This a constant issue wherever I go, although it’s not consigned to just internal coaching pools. Many external coaches find that after training there is not the huge supply of coachees they were led to believe were out there during their training. This sometimes loops back to create ethical problems as coaches rationalise working with people that they shouldn’t, because they need to log hours (in the internal coach case) or money (in the external coach case.)
Particularly in public sector organisations the idea of marketing does not come easily and so is often missed. A major consideration is how to encourage enthusiasm for coaching so that you get participants to sign up to any programme and become champions for coaching whether coach or coachee.
There are a number of options you could follow. All the options are best if fronted by executive level sponsors where possible:
- An online presentation to include a video clip of coaching in action to be available if possible on a company intranet. Use of examples of coaching on manager’s key problem areas, benefits, etc.
- A ‘lunch and learn’ presentation on coaching and its benefits. Focussing on what participants would get from taking part, e.g. new skills, career development, and other organisational benefits.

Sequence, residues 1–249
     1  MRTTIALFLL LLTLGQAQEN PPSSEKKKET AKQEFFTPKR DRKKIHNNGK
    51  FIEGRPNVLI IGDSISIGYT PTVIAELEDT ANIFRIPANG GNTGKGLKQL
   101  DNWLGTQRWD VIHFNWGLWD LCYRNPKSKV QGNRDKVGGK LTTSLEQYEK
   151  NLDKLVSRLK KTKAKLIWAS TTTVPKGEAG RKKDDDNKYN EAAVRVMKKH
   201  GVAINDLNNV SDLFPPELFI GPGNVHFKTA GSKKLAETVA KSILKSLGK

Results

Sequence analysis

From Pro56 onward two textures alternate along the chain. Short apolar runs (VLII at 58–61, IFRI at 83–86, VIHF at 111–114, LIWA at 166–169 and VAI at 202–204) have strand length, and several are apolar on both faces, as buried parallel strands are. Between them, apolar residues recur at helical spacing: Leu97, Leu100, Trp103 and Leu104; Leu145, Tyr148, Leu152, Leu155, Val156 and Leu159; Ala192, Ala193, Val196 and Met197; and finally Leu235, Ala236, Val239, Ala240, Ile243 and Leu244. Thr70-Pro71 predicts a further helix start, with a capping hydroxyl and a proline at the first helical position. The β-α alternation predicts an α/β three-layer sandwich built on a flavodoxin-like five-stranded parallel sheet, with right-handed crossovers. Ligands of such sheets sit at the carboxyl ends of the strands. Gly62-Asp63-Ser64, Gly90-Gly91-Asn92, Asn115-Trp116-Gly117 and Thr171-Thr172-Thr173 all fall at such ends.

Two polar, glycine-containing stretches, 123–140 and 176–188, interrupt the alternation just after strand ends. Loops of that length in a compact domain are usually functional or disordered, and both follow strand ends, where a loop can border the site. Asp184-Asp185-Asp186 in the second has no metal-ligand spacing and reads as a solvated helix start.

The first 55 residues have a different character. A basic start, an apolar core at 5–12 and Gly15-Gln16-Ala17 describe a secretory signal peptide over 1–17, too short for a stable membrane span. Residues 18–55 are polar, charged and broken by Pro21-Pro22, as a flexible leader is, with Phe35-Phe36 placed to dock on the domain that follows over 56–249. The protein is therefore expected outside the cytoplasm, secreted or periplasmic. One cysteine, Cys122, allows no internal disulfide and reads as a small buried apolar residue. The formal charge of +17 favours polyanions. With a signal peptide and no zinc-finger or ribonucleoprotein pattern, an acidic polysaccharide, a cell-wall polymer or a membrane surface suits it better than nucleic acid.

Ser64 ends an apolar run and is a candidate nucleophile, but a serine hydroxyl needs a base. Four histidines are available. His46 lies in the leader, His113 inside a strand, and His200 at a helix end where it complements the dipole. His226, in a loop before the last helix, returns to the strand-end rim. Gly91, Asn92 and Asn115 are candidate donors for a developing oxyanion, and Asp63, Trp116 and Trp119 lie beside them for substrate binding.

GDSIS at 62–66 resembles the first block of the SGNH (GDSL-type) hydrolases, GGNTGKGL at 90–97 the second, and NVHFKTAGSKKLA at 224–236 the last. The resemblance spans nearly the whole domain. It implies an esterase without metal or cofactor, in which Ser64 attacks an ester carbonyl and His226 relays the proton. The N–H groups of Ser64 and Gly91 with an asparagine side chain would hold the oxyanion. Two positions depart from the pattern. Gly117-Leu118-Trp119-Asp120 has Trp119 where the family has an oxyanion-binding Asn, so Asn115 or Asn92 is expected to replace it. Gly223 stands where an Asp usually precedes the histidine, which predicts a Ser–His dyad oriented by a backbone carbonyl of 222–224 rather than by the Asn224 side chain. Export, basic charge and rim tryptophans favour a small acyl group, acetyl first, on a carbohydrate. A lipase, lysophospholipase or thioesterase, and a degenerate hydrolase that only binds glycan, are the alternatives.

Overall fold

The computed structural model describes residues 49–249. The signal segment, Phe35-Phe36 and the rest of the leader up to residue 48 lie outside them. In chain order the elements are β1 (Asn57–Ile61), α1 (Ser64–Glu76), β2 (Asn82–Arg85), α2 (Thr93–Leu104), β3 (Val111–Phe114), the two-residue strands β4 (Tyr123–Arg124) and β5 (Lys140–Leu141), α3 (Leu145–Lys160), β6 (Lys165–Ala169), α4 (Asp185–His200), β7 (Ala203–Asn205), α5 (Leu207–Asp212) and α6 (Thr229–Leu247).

- A half day coaching awareness workshop for people to see some coaching in action from coach trainers or experienced coaches using volunteers. Emphasis on what it is and isn’t, dispel the ‘remedial coachee’ label; see it used on personal topics, etc.
Managers from different parts of the organisation can effectively act as champions for the establishment of coaching. This will enable them to influence within their areas so that enthusiasm for coaching spreads out from this initial source.
As more attend follow up programmes then this will gain momentum and enable the pockets of coaching excellence to ‘join up’. Usually the most motivated and keen managers will volunteer first to coach, and be coached, and help to create a groundswell of interest in coaching.
The above is not an exhaustive overview of the issues relating to Internal coaching provision but if the stakeholders of an organisational plan paid attention to some of the key areas above then I believe we would see a greater impact for coaching across the board…… and that would be a positive step in the right direction.
To get in touch with Julia Menaul, an Accredited Executive Coach and Supervisor of both Coaches and Supervisors, to discuss any areas covered here or elsewhere please contact firstname.lastname@example.org or call 07973924224.